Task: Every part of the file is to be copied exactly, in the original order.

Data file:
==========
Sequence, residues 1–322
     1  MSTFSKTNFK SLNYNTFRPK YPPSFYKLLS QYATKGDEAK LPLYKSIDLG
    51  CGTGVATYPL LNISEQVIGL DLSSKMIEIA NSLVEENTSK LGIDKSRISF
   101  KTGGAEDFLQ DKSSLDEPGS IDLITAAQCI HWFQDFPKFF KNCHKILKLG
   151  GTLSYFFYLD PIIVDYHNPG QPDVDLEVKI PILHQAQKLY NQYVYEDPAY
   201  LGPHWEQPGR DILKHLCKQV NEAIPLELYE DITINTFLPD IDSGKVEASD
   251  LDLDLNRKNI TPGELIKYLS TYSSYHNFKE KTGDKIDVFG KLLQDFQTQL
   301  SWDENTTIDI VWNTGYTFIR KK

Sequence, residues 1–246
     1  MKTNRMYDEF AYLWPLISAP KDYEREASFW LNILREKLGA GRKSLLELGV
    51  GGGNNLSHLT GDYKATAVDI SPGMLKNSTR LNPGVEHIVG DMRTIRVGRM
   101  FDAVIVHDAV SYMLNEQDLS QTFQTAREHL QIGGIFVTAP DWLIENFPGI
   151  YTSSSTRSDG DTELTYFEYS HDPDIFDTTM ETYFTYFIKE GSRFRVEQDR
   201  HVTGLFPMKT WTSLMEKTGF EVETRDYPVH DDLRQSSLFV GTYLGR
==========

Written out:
Sequence, residues 1–322
     1  MSTFSKTNFK SLNYNTFRPK YPPSFYKLLS QYATKGDEAK LPLYKSIDLG
    51  CGTGVATYPL LNISEQVIGL DLSSKMIEIA NSLVEENTSK LGIDKSRISF
   101  KTGGAEDFLQ DKSSLDEPGS IDLITAAQCI HWFQDFPKFF KNCHKILKLG
   151  GTLSYFFYLD PIIVDYHNPG QPDVDLEVKI PILHQAQKLY NQYVYEDPAY
   201  LGPHWEQPGR DILKHLCKQV NEAIPLELYE DITINTFLPD IDSGKVEASD
   251  LDLDLNRKNI TPGELIKYLS TYSSYHNFKE KTGDKIDVFG KLLQDFQTQL
   301  SWDENTTIDI VWNTGYTFIR KK

Sequence, residues 1–246
     1  MKTNRMYDEF AYLWPLISAP KDYEREASFW LNILREKLGA GRKSLLELGV
    51  GGGNNLSHLT GDYKATAVDI SPGMLKNSTR LNPGVEHIVG DMRTIRVGRM
   101  FDAVIVHDAV SYMLNEQDLS QTFQTAREHL QIGGIFVTAP DWLIENFPGI
   151  YTSSSTRSDG DTELTYFEYS HDPDIFDTTM ETYFTYFIKE GSRFRVEQDR
   201  HVTGLFPMKT WTSLMEKTGF EVETRDYPVH DDLRQSSLFV GTYLGR